Easter hasn’t been a huge celebration in our house so I thought it might be the easiest holiday to endure without David. Still, I’d already discovered I couldn’t face the candy aisle or even the prospect of moving the pile of stuff in front of the attic door to unearth our Easter baskets. I was grateful my sister Angela offered to let my children decorate Easter eggs at her house Saturday afternoon. We always decorated Easter eggs, and it didn’t seem fair to take yet another thing away from 8-year-old Abby, just because of my grieving. The fact that I hadn’t even managed to boil the eighteen eggs I brought with me didn’t seem to faze Angela. While she put the eggs in a pot to cook, I sat down to watch the hustle and bustle of the familiar activity and even managed to decorate a few myself. It was when Abby showed me the egg she’d made for her Daddy that I felt the shift. I had sorted books in the library’s attic that morning, shared a lunch with my daughter and sister. I’d not only functioned, I’d even enjoyed a few moments of laughter. Now I couldn’t breathe. David hadn’t participated much in the preparations for Easter, but there were two things I could count on; Abby would always make her Daddy an egg designated just for him, and David would help me hide the eggs outside if the weather permitted on Easter morning. Now I was alone, and Abby had no Daddy.
I asked Angela if I could leave Abby at her house for a while, and the sobs started even before I got to the van. I drove directly to the cemetery, and blind with tears, tumbled out the door, almost running to the gravesite, where I plopped down onto the wet grass. I didn’t sit there long, only long enough to cry out, “Why did you leave me alone? How am I going to do this without you? I love you so much.” In the next instant, I was glad for Abby’s youth and resilience. She hadn’t expressed any sorrow while she made the egg. I thought, then, of her extreme reaction to a small transgression a couple of days before that. Her wailing had gone way beyond the normal range, even for her. When she stomped up the stairs and slammed the bedroom door, I held my tongue. She was a fatherless child, it had been less than two weeks since she lost her Daddy, and I needed to be patient. Inside her room, she’d bitten her pillowcase and heard a small renting of the material. As she explained it later, she hadn’t meant to continue as she knew it was wrong, but she’d bitten and ripped the pillowcase; first with her teeth, and then with her hands, until it lay in shreds around her pillow. I eyed the material dispassionately that evening, intimately understanding how we can begin crying about one thing and end up wailing about another.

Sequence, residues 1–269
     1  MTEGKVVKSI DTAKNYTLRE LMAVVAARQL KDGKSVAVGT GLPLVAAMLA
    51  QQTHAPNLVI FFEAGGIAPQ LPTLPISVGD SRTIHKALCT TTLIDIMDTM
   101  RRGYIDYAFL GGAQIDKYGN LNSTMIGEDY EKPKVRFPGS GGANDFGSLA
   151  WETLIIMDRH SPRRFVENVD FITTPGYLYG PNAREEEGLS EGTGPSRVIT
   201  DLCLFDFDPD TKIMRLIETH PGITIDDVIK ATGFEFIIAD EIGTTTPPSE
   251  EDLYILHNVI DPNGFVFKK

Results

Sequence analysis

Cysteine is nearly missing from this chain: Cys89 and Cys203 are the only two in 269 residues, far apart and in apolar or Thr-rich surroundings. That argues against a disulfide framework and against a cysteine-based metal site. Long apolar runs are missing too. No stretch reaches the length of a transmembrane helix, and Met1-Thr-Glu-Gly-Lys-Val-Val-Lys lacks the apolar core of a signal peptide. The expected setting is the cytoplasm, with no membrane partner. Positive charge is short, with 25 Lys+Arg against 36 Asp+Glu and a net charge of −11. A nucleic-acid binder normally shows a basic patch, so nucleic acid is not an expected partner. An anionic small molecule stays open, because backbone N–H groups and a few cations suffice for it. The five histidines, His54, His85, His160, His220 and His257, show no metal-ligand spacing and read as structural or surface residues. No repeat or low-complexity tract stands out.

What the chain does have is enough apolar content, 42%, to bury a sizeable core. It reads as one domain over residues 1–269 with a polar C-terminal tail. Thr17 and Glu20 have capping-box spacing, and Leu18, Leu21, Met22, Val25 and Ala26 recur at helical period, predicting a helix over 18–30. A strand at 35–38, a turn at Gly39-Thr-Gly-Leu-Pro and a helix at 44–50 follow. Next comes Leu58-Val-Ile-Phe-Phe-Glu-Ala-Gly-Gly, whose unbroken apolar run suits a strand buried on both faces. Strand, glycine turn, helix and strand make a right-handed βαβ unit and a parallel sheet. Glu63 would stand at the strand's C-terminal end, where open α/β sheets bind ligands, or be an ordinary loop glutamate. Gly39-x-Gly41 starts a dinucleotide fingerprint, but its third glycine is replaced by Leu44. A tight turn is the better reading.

Yesterday morning Emily, Katie and I got up at 5:00 a.m. to attend our first Sunrise Service in a park. When we got home, Abby was lying on the couch, looking dejected. “Did you see your Easter things?” I asked her, and she shook her head no. “We aren’t doing Easter, are we? There aren’t any eggs hidden outside.”
I pointed to the small pile of Schleich animals on the floor beside the couch. I hadn’t even bothered to find the Easter baskets. A box of Milk Duds, a little carton of egg-shaped bubble gum, a SpongeBob candy kabob, and some sidewalk chalk lay in a pile, looking desolate and pitiful in comparison to the carefully orchestrated Easter baskets I’d usually done up.
I stuck a ham in the oven and worked on my weekly coupon column before heading to church and yet another service. Dan, Michael, Rachel, Elizabeth, Ben and children joined us for our Easter meal. By late afternoon, with most of my children off having fun at the park and just two of my grandchildren and young Abby at home, I was feeling weepy again. Jacob was hungry, and nothing sounded good to him, except a Burger King burger, so I made a quick decision. Knowing how little appetite a person can have when they are going through chemotherapy, I wasn’t about to miss out on providing the one food Jacob craved. I grabbed the “Dad” egg out of the refigerator and loaded the kids in the van. When I turned right instead of left at the stoplight on Franklin Street, Becca piped up that I was going the wrong way.
“Yes, I know. I want to give Grandpa his Easter egg.”
My two grandchildren and youngest child didn’t seem to think there was anything odd in my behavior; stopping at the cemetary to deliver a single colored egg to a gravesite on Easter day.
Before she fell asleep, Abby expressed a slight disappointment in our dismal holiday, but quickly added, “Maybe next year will be better.”
Yes, maybe next year will be better.